Dermatology Interest Association Reference Pages
Skin Cancer & Sun Safety Refresher:
Non-Melanotic Skin Cancers Basal Cell Carcinoma – The most common type of skin cancer, commonly found on areas with high sun exposure (i.e. face, chest). Commonly seen as a pink papule – if a “pimple” is present for more than 3 weeks – it is important to get it checked out, it could be skin cancer!
Squamous Cell Carcinoma – the second most common form of skin cancer due to heavy sun exposure. These can appear as scaly red patches or open sores that are not healing.
Melanoma - The most aggressive and deadliest form of skin cancer. It is important that patients are aware of their skin and see a dermatologist if they notice any new or changing spots. An important mnemonic to assess a spot of concern is to use the ABCDEs: Asymmetry, Border Irregularity, Color Change, Diameter >6mm (head of a pencil eraser), Evolving.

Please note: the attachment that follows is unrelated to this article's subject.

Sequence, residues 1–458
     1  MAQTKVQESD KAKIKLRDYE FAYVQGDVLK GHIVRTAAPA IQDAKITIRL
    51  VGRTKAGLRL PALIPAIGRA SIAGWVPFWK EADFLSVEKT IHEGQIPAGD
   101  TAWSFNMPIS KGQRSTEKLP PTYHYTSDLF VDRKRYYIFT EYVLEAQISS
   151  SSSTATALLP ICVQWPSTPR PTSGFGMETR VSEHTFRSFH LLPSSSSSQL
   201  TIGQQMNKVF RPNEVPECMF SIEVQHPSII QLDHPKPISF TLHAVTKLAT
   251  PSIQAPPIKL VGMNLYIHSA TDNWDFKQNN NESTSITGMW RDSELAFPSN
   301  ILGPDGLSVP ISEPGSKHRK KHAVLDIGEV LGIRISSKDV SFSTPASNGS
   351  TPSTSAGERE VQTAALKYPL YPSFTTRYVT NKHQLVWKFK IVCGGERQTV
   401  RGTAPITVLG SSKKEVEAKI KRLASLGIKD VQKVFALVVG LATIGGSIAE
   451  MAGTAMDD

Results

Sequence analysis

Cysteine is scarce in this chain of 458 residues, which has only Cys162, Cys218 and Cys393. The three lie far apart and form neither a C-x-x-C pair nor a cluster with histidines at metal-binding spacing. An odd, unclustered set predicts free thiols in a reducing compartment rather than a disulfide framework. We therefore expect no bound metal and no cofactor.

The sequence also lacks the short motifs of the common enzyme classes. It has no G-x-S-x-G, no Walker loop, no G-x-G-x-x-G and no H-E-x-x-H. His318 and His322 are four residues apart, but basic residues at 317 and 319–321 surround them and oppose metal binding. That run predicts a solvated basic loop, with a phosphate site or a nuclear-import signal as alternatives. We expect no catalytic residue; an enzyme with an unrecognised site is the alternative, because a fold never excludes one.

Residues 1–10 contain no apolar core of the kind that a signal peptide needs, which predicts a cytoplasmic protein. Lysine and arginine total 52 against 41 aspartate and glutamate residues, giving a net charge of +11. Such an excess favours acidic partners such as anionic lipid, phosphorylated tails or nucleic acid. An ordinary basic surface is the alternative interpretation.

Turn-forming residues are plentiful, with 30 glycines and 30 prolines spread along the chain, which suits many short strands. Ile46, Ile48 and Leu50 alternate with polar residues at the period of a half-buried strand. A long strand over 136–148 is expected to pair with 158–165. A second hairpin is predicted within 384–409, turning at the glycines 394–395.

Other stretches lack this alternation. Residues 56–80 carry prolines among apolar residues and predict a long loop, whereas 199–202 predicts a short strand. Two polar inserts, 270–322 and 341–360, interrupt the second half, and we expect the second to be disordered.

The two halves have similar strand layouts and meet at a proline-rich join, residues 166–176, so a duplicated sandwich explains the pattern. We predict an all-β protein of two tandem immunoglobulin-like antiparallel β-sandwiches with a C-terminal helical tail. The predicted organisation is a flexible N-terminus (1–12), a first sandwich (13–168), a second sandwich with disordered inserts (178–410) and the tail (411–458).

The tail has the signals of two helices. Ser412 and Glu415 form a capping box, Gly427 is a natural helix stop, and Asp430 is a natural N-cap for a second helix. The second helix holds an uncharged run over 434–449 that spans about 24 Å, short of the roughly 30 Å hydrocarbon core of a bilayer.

Sun Safety Tips
Seek shade! Especially during peak hours: 10am-2pm. If you can’t seek shade, bring an umbrella to create your own shade.
Wear sun-protective clothing! Ex. A wide-brimmed hat, UV protective sunglasses, UPF clothing.
Wear sunscreen! Apply sunscreen to all sun-exposed skin. Apply SPF 30+, broad-spectrum sunscreen, water-resistant Apply 15 minutes before going outside. Reapply every 2 hours and after sweating/swimming.
Chemical v. Physical Chemical Sunscreens – absorb the UV rays, acting like a sponge. They convert the UV rays into heat. These sunscreens will be easier to rub into your skin without leaving a white cast behind.
Chemical sunscreens start working 20 minutes after application.
Active ingredients to look for: avobenzone, octinoxate, and oxybenzone
Physical Sunscreens – deflects the UV rays, acting like a shield.
These sunscreens are better for sensitive skin and are more moisturizing. However, they might be more difficult to blend into your skin and might feel heavier.
Physical sunscreens work immediately after application.
Active ingredients to look for: minerals titanium dioxide and zinc oxide
Both chemical and physical sunscreens will protect you equally from sun damage if used correctly.
See https://derminterest.com/sun-protection-2/ for more information